Lesson 15: Breaks

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Introduction

Adding breaks to your document can make it appear more organized and can improve the flow of text. Depending on how you want to change the pagination or formatting of your document, you can apply a page break or a section break.


Optional: Download our practice document.

To insert a page break:

Page breaks allow you to move text to the next page before reaching the end of a page. You might use a page break if you're writing a paper that has a title page or a bibliography to ensure it starts on a new page. In our example, our chart is split between two pages. We'll add a page break so the chart will be all on one page.

  1. Place the insertion point where you want to create the break. In our example, we'll place it at the beginning of our chart.


    Screenshot of Word 2013Placing the insertion point
  2. On the Insert tab, click the Page Break command. Alternatively, you can press Ctrl+Enter on your keyboard.
    Screenshot of Word 2013Clicking the Page Break command
  3. The page break will be applied to the document, and the text will move to the next page. In our example, the chart moved to the next page.


    Screenshot of Word 2013The new page break

By default, breaks are hidden. If you want to show the breaks in your document, click the Show/Hide command.

Screenshot of Word 2013Showing a page break

Section breaks

Section breaks create a barrier between parts of a document, allowing you to format each section independently. For example, you may want one section to have two columns without adding columns to the entire document. Word offers several types of section breaks:

Screenshot of Word 2013Section Breaks in Word
  • Next Page: This option adds a section break and moves text after the break to the next page of the document. This is useful for creating a new page with normal formatting after a page that contains column formatting.
  • Continuous: This option inserts a section break and allows you to continue working on the same page. This type of break is useful when you need to separate a paragraph from columns.
  • Even Page and Odd Page: These options add a section break and move the text after the break to the next even or odd page. These options may be useful when you need to begin a new section on an even or odd page (for example, a new chapter of a book).

To insert a section break:

In our example, we'll add a section break to separate a paragraph from a two-column list. This will allow us to change the formatting of the paragraph so it no longer appears formatted as a column.

  1. Place the insertion point where you want to create the break. In our example, we'll place it at the beginning of the paragraph we want to separate from column formatting.


    Screenshot of Word 2013Placing the insertion point
  2. On the Page Layout tab, click the Breaks command, then select the desired section break from the drop-down menu that appears. In our example, we'll select Continuous so our paragraph remains on the same page as the columns.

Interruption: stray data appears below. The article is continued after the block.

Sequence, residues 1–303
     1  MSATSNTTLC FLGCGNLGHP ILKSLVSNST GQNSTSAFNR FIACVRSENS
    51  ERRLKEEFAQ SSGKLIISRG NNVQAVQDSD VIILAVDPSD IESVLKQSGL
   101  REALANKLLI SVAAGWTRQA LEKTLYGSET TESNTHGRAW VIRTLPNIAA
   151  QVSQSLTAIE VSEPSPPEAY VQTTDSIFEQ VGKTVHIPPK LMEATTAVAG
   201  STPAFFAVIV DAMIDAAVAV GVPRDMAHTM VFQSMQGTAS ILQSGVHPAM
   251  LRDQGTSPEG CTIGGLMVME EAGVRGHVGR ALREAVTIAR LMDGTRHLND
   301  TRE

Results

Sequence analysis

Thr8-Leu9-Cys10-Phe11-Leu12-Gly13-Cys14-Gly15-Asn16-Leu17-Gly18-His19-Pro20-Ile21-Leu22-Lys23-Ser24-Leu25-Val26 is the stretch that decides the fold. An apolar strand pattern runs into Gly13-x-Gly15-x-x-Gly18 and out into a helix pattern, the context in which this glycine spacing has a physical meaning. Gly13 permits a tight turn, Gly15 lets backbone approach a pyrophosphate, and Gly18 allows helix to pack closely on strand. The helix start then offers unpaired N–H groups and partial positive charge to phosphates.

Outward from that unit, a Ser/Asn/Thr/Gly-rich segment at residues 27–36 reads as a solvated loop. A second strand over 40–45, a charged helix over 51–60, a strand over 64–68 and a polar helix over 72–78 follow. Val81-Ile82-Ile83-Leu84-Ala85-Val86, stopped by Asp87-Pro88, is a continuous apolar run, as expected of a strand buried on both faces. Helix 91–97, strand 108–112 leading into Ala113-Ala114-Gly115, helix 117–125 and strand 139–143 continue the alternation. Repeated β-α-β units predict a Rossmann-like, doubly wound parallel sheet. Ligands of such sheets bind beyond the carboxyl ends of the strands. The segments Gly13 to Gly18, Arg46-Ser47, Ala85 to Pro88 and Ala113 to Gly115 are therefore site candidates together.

Screenshot of Word 2013Selecting a section break
  3. A section break will appear in the document.


    Screenshot of Word 2013The new section break
  4. The text before and after the section break can now be formatted separately. Apply the formatting options you want. In our example, we'll apply one-column formatting to the paragraph so it is no longer formatted as columns.


    Screenshot of Word 2013Applying a new format
  5. The text will be formatted in the document.


    Screenshot of Word 2013The formatted text

Other types of breaks

When you want to format the appearance of columns or modify text wrapping around an image, Word offers additional break options that can help.

Screenshot of Word 2013Additional break options
  • Column: When creating multiple columns, you can apply a column break to balance the appearance of the columns. Any text following the column break will begin in the next column. To learn more about how to create columns in your document, visit our lesson on Columns.


    Screenshot of Word 2013The Column break
  • Text wrapping: When text has been wrapped around an image or object, you can use a text-wrapping break to end the wrapping and begin typing on the line below the image.


    Screenshot of Word 2013The Text Wrapping break

To delete a break:

By default, breaks are hidden. If you want to delete a break, you'll first need to show the breaks in your document.

  1. On the Home tab, click the Show/Hide command.


    Screenshot of Word 2013Clicking the Show/Hide command
  2. Locate the break you want to delete. Place the insertion point at the beginning of the break you want to delete.


    Screenshot of Word 2013Placing the insertion point
  3. Press the Delete key. The break will be deleted from the document.


    Screenshot of Word 2013After the page break has been removed

Challenge!

  1. Open an existing Word document. If you want, you can use our practice document.
  2. Insert a page break somewhere in the document. If you're using the example, insert a page break to move the Clients Overview section to the next page.
  3. Insert a section break in the document. If you're using the example, insert a Next Page section break to move the Updated Chain of Command section to the next page. Try changing the formatting of paragraph in that section.
  4. Show the breaks using the Show/Hide command.
  5. Delete a break. If you're using the example, delete the page break after the fourth paragraph on page 1 of the document to move the two paragraphs on page 2 onto page 1.

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